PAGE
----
CBC Stuff

January was a big Scottish month for me, but it was for the CBC, too, and I found myself as “a prominent Canadian Scot” playing two unexpected roles.

First, on Michael Enright’s excellent CBC radio show The Sunday Edition on Jan. 22 I was part of a discussion involving me, a Canadian born in Scotland, and Luke Skipper, a Canadian raised in Alice Munro country (Kincardine) who now works in London for the Scottish Government as they try to arrange a referendum on Scottish Independence. On a recent visit to Scotland I roamed around doing an informal survey of opinion on the matter and found a wide range of responses.

Our discussion was interesting, but I was so busy answering Michael’s last question (if Scottish expatriates were allowed to vote on this, how would you vote) by explaining that I was an outsider and had no fixed opinion, that I failed to make the general point that I do not believe that Canadians should vote in any foreign election.

I’m glad to be able to state that now.

Second, an email on Saturday, January 21 from George Stroumboulopoulos Tonight said that they needed someone to do a funny stand-up talk about Scottish words that might baffle a Canadian visitor.

These Strombo guys work fast! By Monday at 1 p.m. I was standing outside the CBC studio (wearing a tartan shirt . . . the man has no shame) talking into a camera, beginning with the words “Hi, George,” though I never saw him at any point. The two guys running the shoot, Fraser and Andrew, did a great job of spinning straw into gold, producing a passable clip that was apparently seen by every living Canadian between the ages of 20 and 40. You can find it on this blog.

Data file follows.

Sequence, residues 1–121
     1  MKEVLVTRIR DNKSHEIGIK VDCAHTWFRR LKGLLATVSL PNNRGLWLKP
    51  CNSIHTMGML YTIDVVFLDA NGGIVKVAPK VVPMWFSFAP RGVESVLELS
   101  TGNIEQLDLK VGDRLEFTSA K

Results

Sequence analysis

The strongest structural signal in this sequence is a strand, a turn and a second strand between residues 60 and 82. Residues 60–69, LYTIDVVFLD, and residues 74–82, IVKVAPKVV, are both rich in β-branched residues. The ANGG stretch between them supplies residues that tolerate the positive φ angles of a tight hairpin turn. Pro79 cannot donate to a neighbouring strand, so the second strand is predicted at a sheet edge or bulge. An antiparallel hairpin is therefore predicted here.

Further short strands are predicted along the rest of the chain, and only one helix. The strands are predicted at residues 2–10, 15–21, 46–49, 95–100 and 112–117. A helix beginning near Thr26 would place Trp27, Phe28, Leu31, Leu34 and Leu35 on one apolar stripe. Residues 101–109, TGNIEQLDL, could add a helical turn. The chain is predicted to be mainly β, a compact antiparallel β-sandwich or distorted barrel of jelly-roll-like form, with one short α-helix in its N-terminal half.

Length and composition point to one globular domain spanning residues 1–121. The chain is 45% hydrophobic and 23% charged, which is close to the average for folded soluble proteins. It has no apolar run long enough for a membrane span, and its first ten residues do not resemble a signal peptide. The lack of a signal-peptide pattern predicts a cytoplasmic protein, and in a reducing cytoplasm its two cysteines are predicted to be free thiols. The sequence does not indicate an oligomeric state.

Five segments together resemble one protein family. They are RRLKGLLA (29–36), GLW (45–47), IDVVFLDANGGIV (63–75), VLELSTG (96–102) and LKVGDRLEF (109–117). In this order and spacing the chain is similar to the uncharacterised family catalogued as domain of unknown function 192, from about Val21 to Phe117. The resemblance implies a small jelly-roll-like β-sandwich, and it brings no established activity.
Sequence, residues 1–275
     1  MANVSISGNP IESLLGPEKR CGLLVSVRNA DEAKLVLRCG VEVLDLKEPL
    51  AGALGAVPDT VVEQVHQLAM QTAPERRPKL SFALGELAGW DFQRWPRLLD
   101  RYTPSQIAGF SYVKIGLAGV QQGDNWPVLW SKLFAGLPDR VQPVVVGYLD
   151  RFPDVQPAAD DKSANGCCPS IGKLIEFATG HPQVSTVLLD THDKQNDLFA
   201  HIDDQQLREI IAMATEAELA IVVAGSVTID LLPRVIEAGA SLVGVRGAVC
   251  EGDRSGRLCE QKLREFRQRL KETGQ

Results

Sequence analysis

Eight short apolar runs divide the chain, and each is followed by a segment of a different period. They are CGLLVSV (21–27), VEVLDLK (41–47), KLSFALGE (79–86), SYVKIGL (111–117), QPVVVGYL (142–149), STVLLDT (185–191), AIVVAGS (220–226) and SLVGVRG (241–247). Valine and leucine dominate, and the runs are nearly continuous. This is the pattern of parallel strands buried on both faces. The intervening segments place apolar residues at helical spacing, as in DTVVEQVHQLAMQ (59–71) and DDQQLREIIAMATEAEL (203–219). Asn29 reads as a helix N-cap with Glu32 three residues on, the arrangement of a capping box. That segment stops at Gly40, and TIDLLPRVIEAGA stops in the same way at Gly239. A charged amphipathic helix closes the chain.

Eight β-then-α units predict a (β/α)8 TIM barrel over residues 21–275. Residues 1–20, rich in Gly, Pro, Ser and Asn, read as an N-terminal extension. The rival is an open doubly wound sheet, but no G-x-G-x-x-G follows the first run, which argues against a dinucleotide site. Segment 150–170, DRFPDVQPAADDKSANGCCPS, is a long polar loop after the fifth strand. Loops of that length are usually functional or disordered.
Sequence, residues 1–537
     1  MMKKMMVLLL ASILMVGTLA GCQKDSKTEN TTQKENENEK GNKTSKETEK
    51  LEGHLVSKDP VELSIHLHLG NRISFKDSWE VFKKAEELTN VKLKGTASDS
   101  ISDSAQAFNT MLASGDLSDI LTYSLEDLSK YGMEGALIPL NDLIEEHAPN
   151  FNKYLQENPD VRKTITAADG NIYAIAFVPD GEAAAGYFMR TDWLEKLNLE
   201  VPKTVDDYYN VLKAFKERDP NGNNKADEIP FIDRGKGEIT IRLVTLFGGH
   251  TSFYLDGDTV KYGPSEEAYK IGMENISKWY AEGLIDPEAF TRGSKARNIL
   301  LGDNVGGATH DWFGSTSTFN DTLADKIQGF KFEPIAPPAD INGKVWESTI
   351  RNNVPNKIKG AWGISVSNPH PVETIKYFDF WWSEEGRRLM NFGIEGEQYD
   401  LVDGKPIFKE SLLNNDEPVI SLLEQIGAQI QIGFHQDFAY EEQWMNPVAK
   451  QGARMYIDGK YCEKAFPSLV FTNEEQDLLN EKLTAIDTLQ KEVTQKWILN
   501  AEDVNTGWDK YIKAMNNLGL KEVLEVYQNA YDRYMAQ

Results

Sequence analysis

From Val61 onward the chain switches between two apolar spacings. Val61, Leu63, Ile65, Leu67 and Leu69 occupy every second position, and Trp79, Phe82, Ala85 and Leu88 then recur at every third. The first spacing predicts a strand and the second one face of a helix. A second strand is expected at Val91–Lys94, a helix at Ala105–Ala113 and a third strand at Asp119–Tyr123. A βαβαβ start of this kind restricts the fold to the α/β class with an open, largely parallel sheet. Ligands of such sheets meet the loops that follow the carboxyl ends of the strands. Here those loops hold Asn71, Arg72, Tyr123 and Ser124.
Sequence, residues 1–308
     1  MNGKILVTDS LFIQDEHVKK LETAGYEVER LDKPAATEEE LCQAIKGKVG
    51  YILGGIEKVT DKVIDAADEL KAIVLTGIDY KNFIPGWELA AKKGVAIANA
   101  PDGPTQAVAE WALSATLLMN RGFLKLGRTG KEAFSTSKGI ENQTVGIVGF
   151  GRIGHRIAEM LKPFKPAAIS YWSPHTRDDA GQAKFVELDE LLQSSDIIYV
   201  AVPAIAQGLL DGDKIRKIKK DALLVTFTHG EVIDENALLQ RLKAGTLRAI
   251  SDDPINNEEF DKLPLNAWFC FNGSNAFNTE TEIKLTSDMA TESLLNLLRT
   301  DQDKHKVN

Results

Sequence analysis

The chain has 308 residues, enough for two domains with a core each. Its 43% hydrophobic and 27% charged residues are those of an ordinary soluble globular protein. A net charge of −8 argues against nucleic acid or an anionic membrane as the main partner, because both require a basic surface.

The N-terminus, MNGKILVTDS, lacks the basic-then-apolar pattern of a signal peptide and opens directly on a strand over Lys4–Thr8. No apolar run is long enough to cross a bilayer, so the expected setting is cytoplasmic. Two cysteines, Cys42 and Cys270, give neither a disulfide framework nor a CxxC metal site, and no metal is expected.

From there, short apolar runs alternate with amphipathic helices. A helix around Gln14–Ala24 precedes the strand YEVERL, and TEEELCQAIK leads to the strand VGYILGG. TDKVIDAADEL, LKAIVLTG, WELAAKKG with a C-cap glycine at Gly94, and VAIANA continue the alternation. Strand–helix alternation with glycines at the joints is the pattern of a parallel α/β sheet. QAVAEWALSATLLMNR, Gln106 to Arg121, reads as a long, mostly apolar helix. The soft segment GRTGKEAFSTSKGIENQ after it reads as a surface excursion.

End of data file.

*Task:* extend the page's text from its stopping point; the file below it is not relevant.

January

Since Rabbie Burns Day falls on January 25, this is a big Scottish month. And since I grew up in Burns Country (Ayrshire) in Scotland, speaking the language, I’m kept pretty busy going around making speeches at Burns Suppers in Toronto, Hamilton, and Montreal (even once being re-imported to Scotland to do so). My Translation of “The Address to the Haggis” into modern Canadian has made me thousands of dollars, and over the years has become semi-official, so that it is featured at the annual event staged at home by Margaret Atwood and Graeme (no relation) Gibson.

This year I did my stuff at a Scottish Studies fundraiser at The Granite Club (scandalizing the audience by revealing a Burns link with the slave trade). On the day itself I marched around the Burns statue in Allan Gardens with 20 other kilted eccentrics (at the pub afterwards, a “warm up event” in the fullest sense) I concluded the “Toast to the Lassies” with the story of the lovestruck John Kenneth Galbraith, the farm girl who was the object of his affections, and the cow. It’s in my chapter on Robertson Davies, who loved the story.